Welcome to the IELTS Reading Preparation Course
SHARING OUR PROFESSIONAL EXPERTISE
At English One we have been preparing students to take the IELTS test for over a decade; and we’ve taken all the information, strategies, tips and tricks we’ve shared with our students and saved them here for you to learn too. What follows is a comprehensive collection of useful information that you will be able to use during the test to reach the band that you need.
Here’s what we’re going to share with you:
- What you can expect in each section of the test
- Which of your English skills you’ll be tested on
- The different types of questions you will encounter during the test
- The specific strategies you need to use to approach each question type in the test
- How to best deal with the different challenges you’ll encounter during the test
What is the IELTS Reading Test?
The Reading test consists of 40 questions and you have 60 minutes to complete the test. A variety of question types are used in order to test a wide range of reading skills. These include:
- reading for gist
- reading for main ideas
- reading for detail
- understanding a logical argument
- recognizing writers’ opinions, attitudes and purpose
- completing a table, diagram or a summary
The Academic Reading Test
The Academic version includes three long texts which cover a variety of topics like history, biology, technology, science etc. While the subject matter is quite academic, it has been selected for a non-specialist audience. In other words, you don’t need to have any knowledge of the topics to succeed. However, the texts are recognizably appropriate for anyone entering undergraduate or postgraduate courses or those seeking professional registration. During the test you may encounter technical terms, charts or graphs. The texts are authentic as they are taken from books, journals, reports, magazines and newspapers.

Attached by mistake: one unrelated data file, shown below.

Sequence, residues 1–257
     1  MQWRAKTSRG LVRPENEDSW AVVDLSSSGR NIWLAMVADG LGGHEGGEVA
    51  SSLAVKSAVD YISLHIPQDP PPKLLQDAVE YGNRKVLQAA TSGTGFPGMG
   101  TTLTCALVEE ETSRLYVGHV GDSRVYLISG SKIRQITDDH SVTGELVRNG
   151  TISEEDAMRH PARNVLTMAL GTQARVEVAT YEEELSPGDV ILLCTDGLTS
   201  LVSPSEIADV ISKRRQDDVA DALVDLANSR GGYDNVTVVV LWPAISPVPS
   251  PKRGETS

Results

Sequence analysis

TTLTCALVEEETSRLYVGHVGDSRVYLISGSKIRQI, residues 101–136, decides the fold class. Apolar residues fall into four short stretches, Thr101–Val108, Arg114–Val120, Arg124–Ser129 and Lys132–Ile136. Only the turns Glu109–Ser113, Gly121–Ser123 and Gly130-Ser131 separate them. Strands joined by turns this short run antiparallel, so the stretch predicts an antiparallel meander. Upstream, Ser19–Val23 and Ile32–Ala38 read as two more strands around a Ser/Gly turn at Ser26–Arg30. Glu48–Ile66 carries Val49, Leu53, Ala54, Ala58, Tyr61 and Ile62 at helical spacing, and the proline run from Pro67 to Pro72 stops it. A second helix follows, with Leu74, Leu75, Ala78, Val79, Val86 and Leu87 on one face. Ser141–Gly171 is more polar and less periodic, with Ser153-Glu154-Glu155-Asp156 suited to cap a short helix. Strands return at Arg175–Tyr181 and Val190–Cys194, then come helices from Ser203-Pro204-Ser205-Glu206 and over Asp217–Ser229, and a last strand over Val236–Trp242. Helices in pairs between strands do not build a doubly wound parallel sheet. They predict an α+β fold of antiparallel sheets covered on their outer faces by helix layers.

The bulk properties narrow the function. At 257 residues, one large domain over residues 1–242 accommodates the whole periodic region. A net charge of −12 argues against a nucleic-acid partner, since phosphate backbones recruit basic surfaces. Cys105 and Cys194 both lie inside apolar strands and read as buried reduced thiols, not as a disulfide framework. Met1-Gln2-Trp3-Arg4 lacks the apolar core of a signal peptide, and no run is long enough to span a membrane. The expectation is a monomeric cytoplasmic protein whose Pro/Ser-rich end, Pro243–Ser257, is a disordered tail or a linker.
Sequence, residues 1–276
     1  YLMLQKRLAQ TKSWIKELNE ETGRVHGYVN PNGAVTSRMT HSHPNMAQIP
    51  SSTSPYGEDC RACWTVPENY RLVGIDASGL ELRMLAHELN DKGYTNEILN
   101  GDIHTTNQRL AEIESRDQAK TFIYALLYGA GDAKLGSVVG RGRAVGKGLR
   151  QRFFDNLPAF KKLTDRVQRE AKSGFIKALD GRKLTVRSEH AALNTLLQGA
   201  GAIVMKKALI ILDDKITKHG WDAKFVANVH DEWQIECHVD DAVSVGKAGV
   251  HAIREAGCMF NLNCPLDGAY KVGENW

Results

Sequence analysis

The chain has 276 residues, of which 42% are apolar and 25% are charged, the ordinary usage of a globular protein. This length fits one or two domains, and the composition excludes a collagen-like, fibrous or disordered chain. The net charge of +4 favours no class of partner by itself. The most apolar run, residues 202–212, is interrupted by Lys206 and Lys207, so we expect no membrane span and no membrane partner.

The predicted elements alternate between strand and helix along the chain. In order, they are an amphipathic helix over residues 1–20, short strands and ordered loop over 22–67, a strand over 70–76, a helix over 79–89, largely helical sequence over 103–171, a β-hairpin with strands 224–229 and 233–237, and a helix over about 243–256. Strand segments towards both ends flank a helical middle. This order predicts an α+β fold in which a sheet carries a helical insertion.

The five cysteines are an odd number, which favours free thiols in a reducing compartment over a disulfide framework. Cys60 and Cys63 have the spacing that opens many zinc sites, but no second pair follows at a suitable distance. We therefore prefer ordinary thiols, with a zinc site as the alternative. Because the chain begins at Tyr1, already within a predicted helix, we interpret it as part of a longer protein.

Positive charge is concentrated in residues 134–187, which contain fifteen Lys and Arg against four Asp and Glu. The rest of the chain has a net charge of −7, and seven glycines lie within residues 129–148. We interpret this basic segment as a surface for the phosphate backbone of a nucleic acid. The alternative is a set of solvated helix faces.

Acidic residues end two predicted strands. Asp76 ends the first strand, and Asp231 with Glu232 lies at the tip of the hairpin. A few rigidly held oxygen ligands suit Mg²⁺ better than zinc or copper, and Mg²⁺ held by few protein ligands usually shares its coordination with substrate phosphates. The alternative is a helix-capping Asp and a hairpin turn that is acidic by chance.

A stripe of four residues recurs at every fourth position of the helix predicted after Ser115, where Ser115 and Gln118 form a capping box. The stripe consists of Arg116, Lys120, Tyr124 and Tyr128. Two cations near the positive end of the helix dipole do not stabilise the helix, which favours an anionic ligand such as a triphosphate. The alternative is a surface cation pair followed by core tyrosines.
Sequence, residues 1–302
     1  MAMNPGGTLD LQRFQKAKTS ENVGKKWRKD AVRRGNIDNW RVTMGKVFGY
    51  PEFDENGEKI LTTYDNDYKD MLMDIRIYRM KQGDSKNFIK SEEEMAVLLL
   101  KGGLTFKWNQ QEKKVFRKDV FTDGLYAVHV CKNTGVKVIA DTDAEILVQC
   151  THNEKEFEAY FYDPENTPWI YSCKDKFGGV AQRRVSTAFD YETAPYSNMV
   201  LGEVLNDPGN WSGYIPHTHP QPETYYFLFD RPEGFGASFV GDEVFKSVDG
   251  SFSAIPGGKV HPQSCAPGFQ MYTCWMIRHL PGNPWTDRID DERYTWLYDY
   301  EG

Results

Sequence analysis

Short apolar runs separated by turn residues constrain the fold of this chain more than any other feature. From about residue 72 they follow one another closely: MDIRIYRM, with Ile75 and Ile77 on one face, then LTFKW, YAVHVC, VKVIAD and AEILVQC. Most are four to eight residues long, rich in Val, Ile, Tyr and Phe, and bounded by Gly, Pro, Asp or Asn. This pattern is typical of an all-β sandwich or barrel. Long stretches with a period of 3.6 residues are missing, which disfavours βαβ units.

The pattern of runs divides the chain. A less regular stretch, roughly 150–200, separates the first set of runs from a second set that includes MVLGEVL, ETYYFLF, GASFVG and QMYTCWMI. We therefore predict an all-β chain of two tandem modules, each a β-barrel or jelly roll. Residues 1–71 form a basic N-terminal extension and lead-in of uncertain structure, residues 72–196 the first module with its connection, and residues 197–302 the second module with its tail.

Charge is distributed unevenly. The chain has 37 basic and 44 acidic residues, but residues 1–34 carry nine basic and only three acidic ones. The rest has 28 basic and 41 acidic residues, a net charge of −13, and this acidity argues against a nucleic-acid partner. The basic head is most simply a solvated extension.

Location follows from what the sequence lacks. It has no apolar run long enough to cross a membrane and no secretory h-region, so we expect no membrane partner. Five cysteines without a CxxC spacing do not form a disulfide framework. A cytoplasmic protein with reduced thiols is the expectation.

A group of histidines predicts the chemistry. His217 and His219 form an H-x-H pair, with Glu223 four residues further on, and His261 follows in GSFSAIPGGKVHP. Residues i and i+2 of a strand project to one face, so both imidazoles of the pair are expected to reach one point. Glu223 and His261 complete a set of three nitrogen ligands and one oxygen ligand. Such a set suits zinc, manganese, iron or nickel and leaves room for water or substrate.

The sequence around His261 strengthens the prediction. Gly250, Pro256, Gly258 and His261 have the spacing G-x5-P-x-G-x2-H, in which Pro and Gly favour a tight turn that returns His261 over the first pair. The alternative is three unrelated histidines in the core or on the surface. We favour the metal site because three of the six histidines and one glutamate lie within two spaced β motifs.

For each of the three passages, you will be expected to answer between 10 to 14 questions.
The General Training Reading Test
The General Training version requires you to read extracts from books, magazines, newspapers, notices, advertisements, company handbooks and guidelines. These are materials you are likely to encounter on a daily basis in an English speaking environment. The main difference is that the passages in the General Training test are shorter and have simpler vocabulary.
The test gets progressively more challenging. The first section usually has two to three short and simple articles that relate to everyday life. In the second section you can expect two short passages that typically relate to work in some way. And the third section commonly has a more abstract or academic topic.
While the General test has slightly easier questions, you do need to get more of them correct in order to reach a higher band.